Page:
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Another Facet of Faceting: Adding Pizzaz to Wheel-Thrown Pottery

Posted By Hank Murrow On December 17, 2012 @ 11:29 am In Daily,Features,Wheel Throwing Techniques | 2 Comments

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Faceting clay is a great way to make a round wheel-thrown form look more interesting. While many facet clay with rasps at the leatherhard stage, Hank Murrow prefers to do it on a freshly thrown pot right on the wheel head. Then he continues to throw the form to make the marks from the faceting even more interesting. (He enjoys this technique so much, he even came up with his own line of faceting tools)

 

In today’s post, an excerpt from the newly revised Five Great Pottery Wheel Throwing Techniques: Tips on Throwing Complex Pottery Forms Using Basic Throwing Skills, Hank demonstrated how he makes a faceted wheel thrown bowl on the pottery wheel. 

 


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Faceting a pot—slicing clay from the form using a fettling knife, wire tool, or sometimes a Surform tool—is usually done at the leather-hard stage. Several years ago I saw Joe Bennion facet bowls while they were still wet—just after the initial form was created then continue to throw to create a stretched facet. Through experimentation, I created my own version of this process, as well as a wire tool with interchangeable wires to achieve different surface effects. Here’s the method I use.

 

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Process To make a faceted bowl, begin with 2¹⁄₂ pounds of clay and open the form like a bowl, ribbing the bottom so you don’t have to trim too much clay later (figure 1). The bowl is kept to a cylindrical shape, keeping the wall thickness to about a ¹⁄₂ inch or a little more. I rib the inside as well to eliminate finger marks (figure 2), and then give the rim a beveled profile with my chamois or rib (figure 3).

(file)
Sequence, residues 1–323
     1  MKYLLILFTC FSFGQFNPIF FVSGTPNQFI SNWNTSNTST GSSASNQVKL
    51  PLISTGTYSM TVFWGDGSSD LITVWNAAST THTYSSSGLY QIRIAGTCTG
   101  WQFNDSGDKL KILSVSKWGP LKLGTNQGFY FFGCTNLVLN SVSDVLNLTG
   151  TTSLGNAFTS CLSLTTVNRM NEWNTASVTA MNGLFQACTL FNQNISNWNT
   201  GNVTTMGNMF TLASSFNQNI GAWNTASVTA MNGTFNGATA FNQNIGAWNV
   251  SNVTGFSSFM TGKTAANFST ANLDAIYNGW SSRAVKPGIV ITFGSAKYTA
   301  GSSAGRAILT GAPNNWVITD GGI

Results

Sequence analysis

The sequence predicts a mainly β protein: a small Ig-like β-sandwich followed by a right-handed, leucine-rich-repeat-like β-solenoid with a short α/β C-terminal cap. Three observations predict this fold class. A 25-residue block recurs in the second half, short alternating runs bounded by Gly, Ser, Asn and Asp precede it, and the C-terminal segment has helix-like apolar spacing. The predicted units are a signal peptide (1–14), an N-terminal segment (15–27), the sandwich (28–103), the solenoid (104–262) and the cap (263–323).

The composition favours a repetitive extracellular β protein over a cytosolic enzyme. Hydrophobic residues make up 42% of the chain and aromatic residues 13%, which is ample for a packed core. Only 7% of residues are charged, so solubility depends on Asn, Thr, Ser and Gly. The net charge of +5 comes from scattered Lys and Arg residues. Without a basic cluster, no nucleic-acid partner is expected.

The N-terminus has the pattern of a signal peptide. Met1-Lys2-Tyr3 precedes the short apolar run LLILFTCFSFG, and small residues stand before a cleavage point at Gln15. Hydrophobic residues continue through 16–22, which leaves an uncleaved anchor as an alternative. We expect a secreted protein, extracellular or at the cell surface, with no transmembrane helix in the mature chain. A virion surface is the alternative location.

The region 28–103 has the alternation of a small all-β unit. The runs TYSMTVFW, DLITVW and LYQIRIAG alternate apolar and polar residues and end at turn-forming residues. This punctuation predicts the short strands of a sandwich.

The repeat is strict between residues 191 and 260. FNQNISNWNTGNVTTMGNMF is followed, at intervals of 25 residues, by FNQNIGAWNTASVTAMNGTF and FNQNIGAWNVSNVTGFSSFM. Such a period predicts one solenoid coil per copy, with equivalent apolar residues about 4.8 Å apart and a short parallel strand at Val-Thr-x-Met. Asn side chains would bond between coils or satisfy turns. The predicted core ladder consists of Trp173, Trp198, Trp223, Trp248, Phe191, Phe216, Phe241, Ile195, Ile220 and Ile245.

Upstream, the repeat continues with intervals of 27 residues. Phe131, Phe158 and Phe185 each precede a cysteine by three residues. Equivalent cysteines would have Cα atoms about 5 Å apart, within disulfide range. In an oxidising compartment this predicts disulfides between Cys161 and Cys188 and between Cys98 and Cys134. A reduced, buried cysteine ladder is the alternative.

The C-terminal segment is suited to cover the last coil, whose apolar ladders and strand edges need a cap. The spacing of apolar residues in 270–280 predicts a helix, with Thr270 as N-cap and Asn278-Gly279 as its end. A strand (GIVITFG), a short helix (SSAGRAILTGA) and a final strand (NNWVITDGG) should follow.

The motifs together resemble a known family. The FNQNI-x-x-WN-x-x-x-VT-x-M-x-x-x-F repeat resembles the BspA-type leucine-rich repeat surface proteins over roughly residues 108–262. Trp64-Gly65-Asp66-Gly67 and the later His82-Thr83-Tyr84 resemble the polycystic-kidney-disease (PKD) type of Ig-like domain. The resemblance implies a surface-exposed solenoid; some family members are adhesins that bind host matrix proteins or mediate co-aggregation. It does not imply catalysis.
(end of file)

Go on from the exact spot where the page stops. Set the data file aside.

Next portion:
The first cut with the wire tool trims away about a third of the wall and is cut parallel to the wall profile (figure 4). Turn the wheel 180° and make the second cut, then 90° for the third cut and another 180° for the fourth. Cut the facets between the first four cuts (figure 5) and smooth the edges with a wet finger.

 


 

Learn good habits!

One of the worst things you can do in any craft is pick up bad habits or techniques. Richard Phethean, a professional English potter for more than forty years, provides a life-time of throwing know-how in his new book, Throwing. Written to inform potters of professional standards, you’ll discover a wealth of helpful information whether you’re a seasoned pro or just starting out..

Read more and download an excerpt!

 

 


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Use a dull wooden rib and dry fingers to open the bowl, stretching the wire cuts and dropping the rim (figure 6). It takes about three passes to develop a full bowl shape. When the bowl has half-dried, turn it over and place on a sheet of foam rubber to protect the rim. When ready to trim, place the bowl on a damp clay chuck and use a small piece of plastic as a bearing surface for the finger while trimming the outside (figure 7). Follow by trimming the inside and finishing the foot with the chamois.

 

Hank Murrow has been a potter since 1958 operating a studio, teaching, inventing tools, presenting workshops, and exhibiting. Visit his website at www.murrow.biz/hank.

 


 

For more interesting wheel throwing techniques, download your free copy of Five Great Pottery Wheel Throwing Techniques: Tips on Throwing Complex Pottery Forms Using Basic Throwing Skills.

 


 

 
 

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